Given the roiling conflict in Wisconsin these past four years over the limits of public-sector unionism, it only was a matter of time before the scene would shift to the private sector. This Monday, Governor Scott Walker signed Right to Work legislation. The law, which took effect immediately, bars unions from forcing private-sector employers to fire workers who don’t pay dues. Two dozen other states have similar laws. Yet what really is getting under the skin of organized labor is the triumph of their nemesis, Gov. Walker. More than ever, he looks like a top-tier Republican presidential candidate in 2016. Union leaders are preparing accordingly. And they’re getting help from President Obama.
Readers of Union Corruption Update are familiar with all this. Back in early 2011, Scott Walker, who had just taken office, inherited a two-year budget deficit estimated at $3.6 billion. This shortfall had a number of explanations, but one stood out: escalating employee health care and retirement obligations. And if left unchecked, these commitments, at the local and state level, eventually could trigger severe service cutbacks. Walker responded with a proposal to curb these expenditures, very much driven by union collective bargaining. The proposal, part of the Budget Repair Act, or “Act 10,” would require public employees to contribute substantially more to their health care and pension plans, accept pay hikes tied to the Consumer Price Index, and forgo collective bargaining over benefits and working conditions. Moreover, it would prohibit public-sector unions from automatically deducting dues from member paychecks. As concessions, the measure would protect current workers against layoffs. And it would exempt police, firefighters and state troopers from coverage.
The legislature passed the labor reforms, first as a stand-alone measure and then as part of Act 10, that spring, following a highly illegal three-week takeover of the Wisconsin State Capitol Building in February and early March by hundreds of pro-union activists. The law subsequently would survive a legal challenge in the state courts on procedural grounds. Unions and their allies responded with recall elections of several lawmakers who supported the measure, and then of Governor Walker himself. Those efforts were likewise unsuccessful. Union lawyers then filed lawsuits at the state and federal levels to overturn the law on constitutional grounds. These efforts also failed. In the meantime, public-sector unions, particularly AFSCME, lost many members since dues payments now were optional.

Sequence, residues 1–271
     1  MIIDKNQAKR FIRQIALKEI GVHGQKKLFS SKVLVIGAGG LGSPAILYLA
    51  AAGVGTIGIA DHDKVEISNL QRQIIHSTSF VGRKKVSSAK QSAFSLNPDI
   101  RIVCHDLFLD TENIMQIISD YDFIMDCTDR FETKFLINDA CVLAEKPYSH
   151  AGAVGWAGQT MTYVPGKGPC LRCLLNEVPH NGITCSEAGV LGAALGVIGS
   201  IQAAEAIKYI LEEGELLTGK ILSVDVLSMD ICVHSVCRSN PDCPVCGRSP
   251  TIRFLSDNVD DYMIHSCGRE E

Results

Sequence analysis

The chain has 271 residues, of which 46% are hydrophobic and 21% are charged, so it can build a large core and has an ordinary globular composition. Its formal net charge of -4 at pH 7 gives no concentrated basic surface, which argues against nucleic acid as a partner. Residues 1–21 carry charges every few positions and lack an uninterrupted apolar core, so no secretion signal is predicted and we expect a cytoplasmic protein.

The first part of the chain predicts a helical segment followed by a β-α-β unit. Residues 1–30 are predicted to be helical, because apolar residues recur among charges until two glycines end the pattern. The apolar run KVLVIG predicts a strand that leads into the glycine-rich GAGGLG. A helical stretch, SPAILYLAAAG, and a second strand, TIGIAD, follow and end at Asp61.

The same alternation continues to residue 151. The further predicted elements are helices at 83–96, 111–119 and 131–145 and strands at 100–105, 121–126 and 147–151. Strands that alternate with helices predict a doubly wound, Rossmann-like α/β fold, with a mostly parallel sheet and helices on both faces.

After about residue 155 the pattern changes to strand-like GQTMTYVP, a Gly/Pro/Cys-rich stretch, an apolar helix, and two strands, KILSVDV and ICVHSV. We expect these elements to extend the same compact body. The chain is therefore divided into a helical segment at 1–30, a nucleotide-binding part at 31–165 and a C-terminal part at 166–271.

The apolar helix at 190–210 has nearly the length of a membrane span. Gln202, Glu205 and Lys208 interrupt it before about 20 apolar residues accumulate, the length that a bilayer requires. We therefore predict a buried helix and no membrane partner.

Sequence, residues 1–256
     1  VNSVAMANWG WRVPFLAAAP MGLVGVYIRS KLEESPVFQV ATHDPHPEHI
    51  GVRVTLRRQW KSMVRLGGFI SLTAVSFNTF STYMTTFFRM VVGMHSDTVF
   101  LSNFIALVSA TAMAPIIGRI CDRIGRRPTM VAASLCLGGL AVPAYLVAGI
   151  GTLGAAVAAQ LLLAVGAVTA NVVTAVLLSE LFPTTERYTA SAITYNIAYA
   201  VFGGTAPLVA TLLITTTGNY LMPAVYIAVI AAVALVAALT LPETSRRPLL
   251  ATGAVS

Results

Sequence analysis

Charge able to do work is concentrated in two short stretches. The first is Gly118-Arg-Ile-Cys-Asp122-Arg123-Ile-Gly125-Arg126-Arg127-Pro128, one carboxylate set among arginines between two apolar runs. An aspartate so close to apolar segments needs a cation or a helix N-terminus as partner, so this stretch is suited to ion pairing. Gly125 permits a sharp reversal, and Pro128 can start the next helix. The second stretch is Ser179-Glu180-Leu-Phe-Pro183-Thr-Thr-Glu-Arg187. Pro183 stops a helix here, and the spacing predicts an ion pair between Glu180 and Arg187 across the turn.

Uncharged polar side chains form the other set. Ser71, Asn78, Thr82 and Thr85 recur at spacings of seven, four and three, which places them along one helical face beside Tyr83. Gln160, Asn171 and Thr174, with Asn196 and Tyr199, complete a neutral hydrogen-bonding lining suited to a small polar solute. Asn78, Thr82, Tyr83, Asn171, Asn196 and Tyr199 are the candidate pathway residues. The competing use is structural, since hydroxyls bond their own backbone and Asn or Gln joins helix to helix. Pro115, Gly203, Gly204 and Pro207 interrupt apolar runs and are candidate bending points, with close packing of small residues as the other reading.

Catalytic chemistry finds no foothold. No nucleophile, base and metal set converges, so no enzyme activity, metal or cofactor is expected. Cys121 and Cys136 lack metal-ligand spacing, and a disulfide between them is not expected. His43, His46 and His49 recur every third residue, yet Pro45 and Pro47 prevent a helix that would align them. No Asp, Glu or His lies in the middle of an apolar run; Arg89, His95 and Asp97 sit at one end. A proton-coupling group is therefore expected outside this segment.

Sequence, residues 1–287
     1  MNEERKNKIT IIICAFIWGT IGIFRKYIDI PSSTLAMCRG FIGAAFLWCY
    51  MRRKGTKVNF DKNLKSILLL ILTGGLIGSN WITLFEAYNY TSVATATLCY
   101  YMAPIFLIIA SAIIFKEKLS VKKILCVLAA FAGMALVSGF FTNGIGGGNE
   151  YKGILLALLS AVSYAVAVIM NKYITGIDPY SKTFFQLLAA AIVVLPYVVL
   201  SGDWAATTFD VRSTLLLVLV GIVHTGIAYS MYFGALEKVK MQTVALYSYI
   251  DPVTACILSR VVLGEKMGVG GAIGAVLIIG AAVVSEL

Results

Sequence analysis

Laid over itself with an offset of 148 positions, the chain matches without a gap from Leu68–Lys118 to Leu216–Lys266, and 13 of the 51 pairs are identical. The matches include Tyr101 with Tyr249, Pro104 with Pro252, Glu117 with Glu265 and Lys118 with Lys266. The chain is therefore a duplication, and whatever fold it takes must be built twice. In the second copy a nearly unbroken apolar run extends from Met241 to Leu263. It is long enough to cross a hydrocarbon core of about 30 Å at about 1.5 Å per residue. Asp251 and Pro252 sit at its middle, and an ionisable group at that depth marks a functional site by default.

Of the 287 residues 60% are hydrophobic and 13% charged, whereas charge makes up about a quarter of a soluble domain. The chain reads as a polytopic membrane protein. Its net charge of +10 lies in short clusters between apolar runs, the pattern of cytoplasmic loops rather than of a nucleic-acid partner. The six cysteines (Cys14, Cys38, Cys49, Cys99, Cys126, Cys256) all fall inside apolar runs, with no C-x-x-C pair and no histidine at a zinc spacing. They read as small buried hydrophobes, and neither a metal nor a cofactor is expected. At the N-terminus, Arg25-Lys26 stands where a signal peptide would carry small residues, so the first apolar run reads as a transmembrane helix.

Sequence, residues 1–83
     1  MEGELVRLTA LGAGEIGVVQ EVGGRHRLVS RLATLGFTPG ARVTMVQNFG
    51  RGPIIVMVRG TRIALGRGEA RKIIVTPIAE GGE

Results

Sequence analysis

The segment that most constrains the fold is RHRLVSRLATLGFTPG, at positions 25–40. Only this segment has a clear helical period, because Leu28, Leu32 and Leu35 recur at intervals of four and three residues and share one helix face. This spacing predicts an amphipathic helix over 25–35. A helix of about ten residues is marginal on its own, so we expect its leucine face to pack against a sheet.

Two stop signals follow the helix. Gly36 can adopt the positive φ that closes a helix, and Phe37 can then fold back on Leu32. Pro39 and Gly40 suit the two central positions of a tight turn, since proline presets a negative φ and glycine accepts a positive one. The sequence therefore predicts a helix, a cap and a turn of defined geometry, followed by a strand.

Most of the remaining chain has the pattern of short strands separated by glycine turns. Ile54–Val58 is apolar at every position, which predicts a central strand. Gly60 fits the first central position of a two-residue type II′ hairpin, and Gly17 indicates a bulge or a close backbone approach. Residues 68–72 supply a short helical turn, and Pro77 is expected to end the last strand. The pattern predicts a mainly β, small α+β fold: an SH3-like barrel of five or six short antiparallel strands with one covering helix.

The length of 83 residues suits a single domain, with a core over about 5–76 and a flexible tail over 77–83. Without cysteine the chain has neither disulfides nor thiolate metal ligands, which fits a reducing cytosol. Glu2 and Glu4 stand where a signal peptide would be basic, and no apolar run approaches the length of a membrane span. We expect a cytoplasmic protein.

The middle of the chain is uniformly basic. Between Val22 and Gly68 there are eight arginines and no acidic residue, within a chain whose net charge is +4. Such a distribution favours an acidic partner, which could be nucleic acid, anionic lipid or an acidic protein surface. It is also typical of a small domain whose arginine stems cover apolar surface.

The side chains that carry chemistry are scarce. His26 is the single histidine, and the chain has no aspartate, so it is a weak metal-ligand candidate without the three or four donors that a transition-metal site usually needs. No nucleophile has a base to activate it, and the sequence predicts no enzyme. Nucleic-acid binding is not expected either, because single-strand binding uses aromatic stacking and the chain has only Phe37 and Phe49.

If union activists hate Governor Scott Walker’s guts, they’ve got their reasons. After all, he pushed through a budget law that limits public-sector union collective bargaining power and reduces union membership. He survived a special recall election challenge from Milwaukee Democratic Mayor Tom Barrett in 2012, his opponent in the 2010 general election. He won re-election last November over Democratic challenger Mary Burke. He is a potential presidential campaign front-runner. And to add insult to injury, he now has signed Republican-sponsored Right to Work legislation. The nerve of him!
The National Labor Relations Act of 1935 authorizes unions to negotiate “security agreements” that forcibly commit employers to fire workers who refuse to join a union or pay “agency fees” in lieu of joining. Section 14(b) of the Taft-Hartley Act of 1947 put a brake on this aspect of union monopoly power. It granted state governments the authority to override union-driven security contracts; several states, in fact, already had enacted “Right to Work” laws to protect individual workers at unionized private-sector work sites from being forced to pay union dues or agency fees. Most of these statutes were created decades ago, primarily in Southern, Great Plains and Western states. The relatively heavily unionized Great Lakes region remained virgin territory – until 2012. That year, Indiana and then Michigan passed legislation banning forced-dues collections. The Michigan Right to Work experience was an especially stinging rebuke to union officials because that state since the 1930s had served as a symbol of American labor movement militancy.